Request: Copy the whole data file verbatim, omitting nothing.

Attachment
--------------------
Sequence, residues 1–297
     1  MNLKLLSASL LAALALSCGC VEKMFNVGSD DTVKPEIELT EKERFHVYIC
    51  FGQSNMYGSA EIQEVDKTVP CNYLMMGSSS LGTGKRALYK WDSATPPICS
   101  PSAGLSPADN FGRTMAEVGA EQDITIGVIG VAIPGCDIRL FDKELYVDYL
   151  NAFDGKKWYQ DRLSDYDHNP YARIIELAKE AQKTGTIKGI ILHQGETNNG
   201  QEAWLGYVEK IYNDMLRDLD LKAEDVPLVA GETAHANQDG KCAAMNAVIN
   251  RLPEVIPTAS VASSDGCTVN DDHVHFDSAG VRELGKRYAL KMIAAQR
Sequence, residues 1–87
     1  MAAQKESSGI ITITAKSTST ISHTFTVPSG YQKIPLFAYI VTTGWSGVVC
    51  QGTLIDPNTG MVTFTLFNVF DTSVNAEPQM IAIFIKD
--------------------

Sequence, residues 1–297
     1  MNLKLLSASL LAALALSCGC VEKMFNVGSD DTVKPEIELT EKERFHVYIC
    51  FGQSNMYGSA EIQEVDKTVP CNYLMMGSSS LGTGKRALYK WDSATPPICS
   101  PSAGLSPADN FGRTMAEVGA EQDITIGVIG VAIPGCDIRL FDKELYVDYL
   151  NAFDGKKWYQ DRLSDYDHNP YARIIELAKE AQKTGTIKGI ILHQGETNNG
   201  QEAWLGYVEK IYNDMLRDLD LKAEDVPLVA GETAHANQDG KCAAMNAVIN
   251  RLPEVIPTAS VASSDGCTVN DDHVHFDSAG VRELGKRYAL KMIAAQR
Sequence, residues 1–87
     1  MAAQKESSGI ITITAKSTST ISHTFTVPSG YQKIPLFAYI VTTGWSGVVC
    51  QGTLIDPNTG MVTFTLFNVF DTSVNAEPQM IAIFIKD